Question about cutting 444 Steel

I’m not much of a metal guy, so I was hoping someone here might be able to offer some advice for my situation.

I have some small pieces of 444 steel that have been stamped and heat treated.
I need to cut some even smaller pieces from the parts, no larger than .5" square.

It’s important that the cutting process doesn’t heat the metal too much because the reason we’re sending them to the lab is to have the grain structure analyzed.

My first thought was a waterjet, but I don’t have access to one myself and I haven’t had any luck finding a shop that would deal with such small parts.

I’m thinking that my best option might be cutting them by hand, but I’m not sure what kind of tool or blade I should seek out for this job.

If anyone has any thoughts or suggestions that might be helpful I’d greatly appreciate it.

horizontal bandsaw might work. It uses coolant during the cut. Sometimes hardened metal is too hard and the teeth will skip over it. You can give that a test. It will be tricky to cut once the pieces become too short.

What size are the initial parts?

This is going to be very difficult. Cutting pieces that small would likely require the vertical bandsaw, but it doesn’t have an auto-coolant system. A slow cut with lots of sprayed lubricoolant might work.

Hold up. I looked up 444 Steel. It’s a stainless steel, which pushes the difficulty up a notch at least. But you say it is heat treated, which every data sheet about 444 Steel says is impossible. Are you certain of what you have? Why do you care about its grain structure?

You are right that a hand tool may be the only way. And you’ll need a strong carbide or diamond tipped blade to cut it.

I know very little about metallurgy, but we’ve been told that the heat treatment that was used on these parts is unusually high. I’m not sure if or why the heat treatment is necessary, that’s actually kind of what we’re trying to get to the bottom of.

Sorry, I should have given more context, these parts are currently being sourced in China and we’re looking to move production to the states so we’re trying to match their production methods. Our state-side supplier tried their hand at the heat treatment instructions, but something may have been lost in translation. We’re not sure how these 2 pieces of metal are different other than the US parts look darker than their Chinese counterparts.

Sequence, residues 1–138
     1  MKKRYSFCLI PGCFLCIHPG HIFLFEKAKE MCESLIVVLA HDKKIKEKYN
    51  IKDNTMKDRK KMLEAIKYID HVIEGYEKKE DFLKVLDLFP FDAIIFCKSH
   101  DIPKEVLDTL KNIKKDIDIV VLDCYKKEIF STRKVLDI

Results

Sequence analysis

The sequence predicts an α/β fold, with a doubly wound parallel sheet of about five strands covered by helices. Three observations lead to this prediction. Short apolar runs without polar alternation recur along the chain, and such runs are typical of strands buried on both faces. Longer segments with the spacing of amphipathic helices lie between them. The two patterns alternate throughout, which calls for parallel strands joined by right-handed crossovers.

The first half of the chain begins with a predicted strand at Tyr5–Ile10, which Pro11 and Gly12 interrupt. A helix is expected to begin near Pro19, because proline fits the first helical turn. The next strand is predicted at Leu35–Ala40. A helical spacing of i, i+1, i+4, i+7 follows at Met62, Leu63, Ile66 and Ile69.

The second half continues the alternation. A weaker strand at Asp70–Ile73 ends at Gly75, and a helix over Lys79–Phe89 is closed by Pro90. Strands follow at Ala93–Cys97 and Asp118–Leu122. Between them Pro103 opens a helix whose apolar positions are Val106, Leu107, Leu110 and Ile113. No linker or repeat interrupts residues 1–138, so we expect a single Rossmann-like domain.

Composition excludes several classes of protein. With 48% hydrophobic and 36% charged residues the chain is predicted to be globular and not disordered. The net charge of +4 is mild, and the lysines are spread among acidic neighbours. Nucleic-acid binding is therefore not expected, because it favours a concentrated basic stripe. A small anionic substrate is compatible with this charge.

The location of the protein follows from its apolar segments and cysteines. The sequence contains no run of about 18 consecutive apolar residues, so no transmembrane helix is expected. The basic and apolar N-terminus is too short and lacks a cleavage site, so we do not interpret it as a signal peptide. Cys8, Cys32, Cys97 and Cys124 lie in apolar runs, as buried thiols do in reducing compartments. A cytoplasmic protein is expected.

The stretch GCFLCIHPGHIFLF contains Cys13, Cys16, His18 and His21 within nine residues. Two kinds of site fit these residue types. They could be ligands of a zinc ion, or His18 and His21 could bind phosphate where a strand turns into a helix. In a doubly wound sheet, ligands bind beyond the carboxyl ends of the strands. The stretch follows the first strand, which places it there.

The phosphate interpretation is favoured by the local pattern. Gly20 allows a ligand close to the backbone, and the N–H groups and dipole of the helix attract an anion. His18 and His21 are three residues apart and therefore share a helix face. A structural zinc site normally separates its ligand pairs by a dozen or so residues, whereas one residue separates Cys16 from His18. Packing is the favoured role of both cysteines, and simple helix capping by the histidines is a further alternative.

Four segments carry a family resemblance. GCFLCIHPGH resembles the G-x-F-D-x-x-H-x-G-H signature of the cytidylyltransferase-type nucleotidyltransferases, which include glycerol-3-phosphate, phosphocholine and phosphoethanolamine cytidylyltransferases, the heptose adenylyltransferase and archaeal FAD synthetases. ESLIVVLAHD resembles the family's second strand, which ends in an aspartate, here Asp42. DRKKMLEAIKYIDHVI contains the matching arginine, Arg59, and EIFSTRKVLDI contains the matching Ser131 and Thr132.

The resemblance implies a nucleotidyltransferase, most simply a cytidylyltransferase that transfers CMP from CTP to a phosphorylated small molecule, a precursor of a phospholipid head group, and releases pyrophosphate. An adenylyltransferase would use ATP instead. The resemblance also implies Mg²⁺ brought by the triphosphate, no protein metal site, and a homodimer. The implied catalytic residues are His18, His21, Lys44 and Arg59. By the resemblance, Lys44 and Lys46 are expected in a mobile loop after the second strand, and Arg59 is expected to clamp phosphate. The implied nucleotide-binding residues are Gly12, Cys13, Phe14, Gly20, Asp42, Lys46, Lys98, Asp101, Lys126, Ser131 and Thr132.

I’m actually not sure that we do care about the grain structure, I just want to be sure that I’m sending off samples that are as representative of the original parts as possible.

These parts are being used to monitor electrical fields given off by power lines, so their electromagnetic properties are important, but why they are important is above my pay grade, they just want me to cut one up :rofl:

Here’s one of the parts in question, Reese’s Peanut Butter Cup for scale

The cuts should be straight forward on the horizontal bandsaw. I’m not in the shop much. I can come this afternoon to do the setup if you have the material ready?

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Thanks for the offer, that’s very kind of you! This is a back-burner kinda work project for me so I haven’t been keeping too close an eye on it.

I think I’ll just ask my boss to buy a hand tool so I can get it done here at the office.

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That thing? I would use an angle grinder. Hardness does not matter much to an abrasive cutting wheel.

Or, given that it’s so small, just use a Dremel and a cutting wheel. The fiberglass cutting wheels may be the best choice. Good option because you can also smooth the edges when done. The emery cutting disks will work too, but they break easily and wear down fast, those are a better choice if you need a thin kerf but that’s not the case here.

Keep wetting it so you don’t heat the metal to change the temper- except, like Ethan says, stainless wouldn’t have a temper. But allowing it to get hot changes the way it cuts and can discolor the surface, plus I’d usually want to pick it up immediately when done rather than leave it in the vise for a few minutes to cool down

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I wanted to get a dremel cutting wheel since we already have the tool, the boss doubts a dremel wheel can cut it, didn’t want to argue with him since I don’t really know much about the subject. :roll_eyes: